Environment

How Dresd Is Fighting the Film Industry's Waste Problem

By Kelly Green
11.02.19

BAFTA nominated short film The Blue Door showed for the first time that a film can be produced using 100% recycled and reclaimed materials. The Blue Door's production designer Lynn McFarlane, managing director of Dresd, tells us how she hopes this will serve as an example for the rest of the film industry in how to become less wasteful, and shares how Dresd are working to overcome the industry's challenges.

 

Last night’s glittering BAFTA award ceremony celebrated the best of film from the past year, bringing together some of the industry’s biggest names at London’s Royal Albert Hall.

Amongst this year’s nominees was The Blue Door - a British horror short written and produced by Ben Clark and Megan Pugh and directed by Paul Taylor, which was nominated for the British Short Film award. The Blue Door’s success since it was released last year not only puts British Horror back on the cinematic map, but also hopefully signals the beginning of a new era for film production, as the film was the first to be shot entirely on a recycled and reclaimed set.

In charge of the film’s set build was Dresd, whose managing director Lynn McFarlane was also nominated for a BAFTA-recognised Underwire Festival award for Best Production Design for The Blue Door in November.  Dresd - a sustainable events and production company - worked as the film’s art department, designing and building the set around the film’s storyline using 100% recycled and reclaimed materials - even down to the screws. Once filming was over, all of the set was returned to Dresd’s prop reclamation centre in Wales, where it can be hired back into the industry and repurposed for future productions.

For anyone that doesn’t work inside the film and television industry, an assumption might be that this is what always happens after filming ends - the set is stored ready to be used again in the future. Not so, says Lynn, who was shocked to discover the wastefulness of the film industry after running a sustainable events company that built events from industrial waste.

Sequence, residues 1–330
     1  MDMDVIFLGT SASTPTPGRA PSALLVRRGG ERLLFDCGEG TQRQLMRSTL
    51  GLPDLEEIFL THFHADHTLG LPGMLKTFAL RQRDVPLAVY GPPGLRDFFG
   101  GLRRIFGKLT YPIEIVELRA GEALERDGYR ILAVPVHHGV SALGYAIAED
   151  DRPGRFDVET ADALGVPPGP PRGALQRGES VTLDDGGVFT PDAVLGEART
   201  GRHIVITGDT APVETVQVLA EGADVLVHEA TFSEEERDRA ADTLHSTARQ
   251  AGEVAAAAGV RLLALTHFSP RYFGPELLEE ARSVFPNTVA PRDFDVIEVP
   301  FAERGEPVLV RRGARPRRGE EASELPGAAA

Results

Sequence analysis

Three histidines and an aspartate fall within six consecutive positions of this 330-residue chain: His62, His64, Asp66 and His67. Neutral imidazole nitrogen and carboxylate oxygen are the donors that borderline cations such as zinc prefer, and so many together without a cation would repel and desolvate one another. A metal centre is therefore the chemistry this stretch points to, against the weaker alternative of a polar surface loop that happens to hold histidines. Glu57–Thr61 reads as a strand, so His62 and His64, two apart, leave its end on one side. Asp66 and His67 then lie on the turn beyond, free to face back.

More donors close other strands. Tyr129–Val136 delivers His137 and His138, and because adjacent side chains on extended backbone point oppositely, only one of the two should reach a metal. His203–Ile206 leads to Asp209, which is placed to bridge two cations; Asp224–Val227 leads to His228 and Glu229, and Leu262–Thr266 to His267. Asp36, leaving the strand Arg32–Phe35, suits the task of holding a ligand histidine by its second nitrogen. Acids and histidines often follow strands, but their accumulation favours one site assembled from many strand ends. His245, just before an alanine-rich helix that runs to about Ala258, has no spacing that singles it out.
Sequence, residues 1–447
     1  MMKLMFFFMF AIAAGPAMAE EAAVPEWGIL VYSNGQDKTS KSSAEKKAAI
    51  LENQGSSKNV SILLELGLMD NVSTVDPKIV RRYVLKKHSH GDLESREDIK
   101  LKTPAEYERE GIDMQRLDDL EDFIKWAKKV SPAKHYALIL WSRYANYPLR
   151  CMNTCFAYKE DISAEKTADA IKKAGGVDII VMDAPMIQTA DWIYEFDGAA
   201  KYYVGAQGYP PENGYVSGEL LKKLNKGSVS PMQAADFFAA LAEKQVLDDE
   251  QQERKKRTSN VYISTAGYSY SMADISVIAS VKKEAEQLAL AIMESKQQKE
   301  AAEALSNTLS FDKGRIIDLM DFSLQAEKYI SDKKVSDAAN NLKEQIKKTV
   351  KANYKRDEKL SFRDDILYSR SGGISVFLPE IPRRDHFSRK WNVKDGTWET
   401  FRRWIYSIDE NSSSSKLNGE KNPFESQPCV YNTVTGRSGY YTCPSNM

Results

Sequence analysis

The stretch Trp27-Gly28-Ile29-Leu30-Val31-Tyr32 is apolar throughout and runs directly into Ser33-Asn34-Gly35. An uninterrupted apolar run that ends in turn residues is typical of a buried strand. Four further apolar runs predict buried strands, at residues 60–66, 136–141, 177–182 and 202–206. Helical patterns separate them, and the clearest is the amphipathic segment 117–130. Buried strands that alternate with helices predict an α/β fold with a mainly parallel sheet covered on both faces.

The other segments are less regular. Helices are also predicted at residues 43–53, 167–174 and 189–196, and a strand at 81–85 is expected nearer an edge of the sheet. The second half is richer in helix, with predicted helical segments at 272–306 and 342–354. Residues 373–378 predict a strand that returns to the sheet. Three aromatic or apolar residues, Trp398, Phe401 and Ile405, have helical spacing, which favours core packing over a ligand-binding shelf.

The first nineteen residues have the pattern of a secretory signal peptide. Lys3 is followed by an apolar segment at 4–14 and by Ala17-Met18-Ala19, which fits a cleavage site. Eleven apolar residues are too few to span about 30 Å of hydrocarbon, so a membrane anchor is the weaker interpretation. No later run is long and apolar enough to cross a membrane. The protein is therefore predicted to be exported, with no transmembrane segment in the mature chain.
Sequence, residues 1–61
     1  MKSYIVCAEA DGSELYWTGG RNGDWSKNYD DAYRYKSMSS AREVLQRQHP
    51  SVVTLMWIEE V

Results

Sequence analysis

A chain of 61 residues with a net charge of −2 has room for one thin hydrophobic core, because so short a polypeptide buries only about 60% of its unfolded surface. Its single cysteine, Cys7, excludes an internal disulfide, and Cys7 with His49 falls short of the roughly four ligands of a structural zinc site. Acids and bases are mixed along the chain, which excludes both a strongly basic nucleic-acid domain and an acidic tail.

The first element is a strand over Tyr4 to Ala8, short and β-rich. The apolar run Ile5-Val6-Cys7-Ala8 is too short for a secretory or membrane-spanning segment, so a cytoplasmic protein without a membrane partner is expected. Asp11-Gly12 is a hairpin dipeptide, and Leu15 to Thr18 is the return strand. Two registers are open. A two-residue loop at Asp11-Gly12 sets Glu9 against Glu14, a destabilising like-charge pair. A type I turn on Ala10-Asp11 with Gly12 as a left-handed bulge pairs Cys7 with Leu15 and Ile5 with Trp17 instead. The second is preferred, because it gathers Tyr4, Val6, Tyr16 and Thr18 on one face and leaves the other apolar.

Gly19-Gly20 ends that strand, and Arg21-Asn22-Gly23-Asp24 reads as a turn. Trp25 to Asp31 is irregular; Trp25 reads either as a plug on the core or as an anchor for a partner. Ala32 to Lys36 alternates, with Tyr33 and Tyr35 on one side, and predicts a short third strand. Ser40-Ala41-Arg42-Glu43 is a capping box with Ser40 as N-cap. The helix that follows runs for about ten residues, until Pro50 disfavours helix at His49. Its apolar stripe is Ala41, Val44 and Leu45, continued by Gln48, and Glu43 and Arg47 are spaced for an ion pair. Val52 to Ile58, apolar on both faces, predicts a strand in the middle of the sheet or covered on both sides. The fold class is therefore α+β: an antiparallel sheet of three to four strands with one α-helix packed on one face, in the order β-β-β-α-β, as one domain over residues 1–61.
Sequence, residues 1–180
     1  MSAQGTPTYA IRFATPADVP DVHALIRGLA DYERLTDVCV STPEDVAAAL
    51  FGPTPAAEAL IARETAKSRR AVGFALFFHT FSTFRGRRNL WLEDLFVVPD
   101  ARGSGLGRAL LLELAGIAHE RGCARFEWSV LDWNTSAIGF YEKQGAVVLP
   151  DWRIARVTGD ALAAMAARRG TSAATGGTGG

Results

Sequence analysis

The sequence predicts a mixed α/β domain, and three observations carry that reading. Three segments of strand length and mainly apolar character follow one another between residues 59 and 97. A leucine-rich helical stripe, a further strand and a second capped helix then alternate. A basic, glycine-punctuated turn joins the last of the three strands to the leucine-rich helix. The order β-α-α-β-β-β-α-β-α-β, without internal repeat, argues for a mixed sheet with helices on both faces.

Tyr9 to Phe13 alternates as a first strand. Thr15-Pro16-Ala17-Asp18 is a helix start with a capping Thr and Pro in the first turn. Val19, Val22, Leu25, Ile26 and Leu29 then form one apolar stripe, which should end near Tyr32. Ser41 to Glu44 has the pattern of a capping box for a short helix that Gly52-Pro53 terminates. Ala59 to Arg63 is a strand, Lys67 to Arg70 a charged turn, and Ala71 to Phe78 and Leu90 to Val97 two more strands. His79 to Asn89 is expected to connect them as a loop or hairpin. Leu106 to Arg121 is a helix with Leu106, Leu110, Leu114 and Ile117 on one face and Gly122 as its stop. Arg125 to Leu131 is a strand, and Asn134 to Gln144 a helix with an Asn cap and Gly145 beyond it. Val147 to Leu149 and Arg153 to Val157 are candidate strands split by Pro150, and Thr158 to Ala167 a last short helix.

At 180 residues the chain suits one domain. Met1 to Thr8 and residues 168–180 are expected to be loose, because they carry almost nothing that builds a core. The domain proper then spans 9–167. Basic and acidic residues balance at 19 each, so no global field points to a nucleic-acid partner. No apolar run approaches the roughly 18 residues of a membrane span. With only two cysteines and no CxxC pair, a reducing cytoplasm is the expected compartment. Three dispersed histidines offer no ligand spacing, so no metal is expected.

“We moved into the film and television industry because we were made aware that actually there is this massive monster of an industry that is wonderfully creative, but extremely wasteful as well,” explains Lynn, who says that generally film and television sets are completely destroyed at the end of filming a production.  “I would say that the main option, which is still the case in many, many productions, is that the set is just smashed to bits and put in a skip. There are companies out there that like to call themselves recycling outlets that then take it and burn it all, to no benefit at all - no waste to energy, they just burn it all.”

Lynn with Livia Firth, at the Commonwealth Fashion Exchange launch at Buckingham Palace, where Dresd created hats using waste paper.

Dresd is fighting this waste problem by providing the broadcast industry with a viable, cost-effective and sustainable alternative to set waste being sent to landfill or waste to energy. Dresd collects and stores unwanted props in their huge reclamation prop store, and uses raw materials that are no longer needed, such as timbers and paper, to build sets for film and events.  For the Commonwealth Fashion Exchange at Buckingham Palace, for example, Lynn’s team used paper and plinths recovered from the film and television industry to create the set and the mannequins' hats. 

“We’re basically creating a full circle of reuse, nothing is going to waste,” says Lynn. “Anything that we don’t feel we can use (or we’ve got excess of) we share with film schools, colleges and universities.  Or if we’ve got anything that’s come in that we feel would benefit a local charity then we send to them; for example, used towels and blankets we send to the Dog’s Trust.”

One of Dresd’s aims is to promote that you not only can recycle your film and TV sets but you can actually reuse them in another production - they can be rebuilt. “You know if you’ve got a flat with a window and a door, it’s going to fit into somebody else’s build and it saves a lot of money, it saves a lot of work, and at the end of the day it also saves the planet,” says Lynn.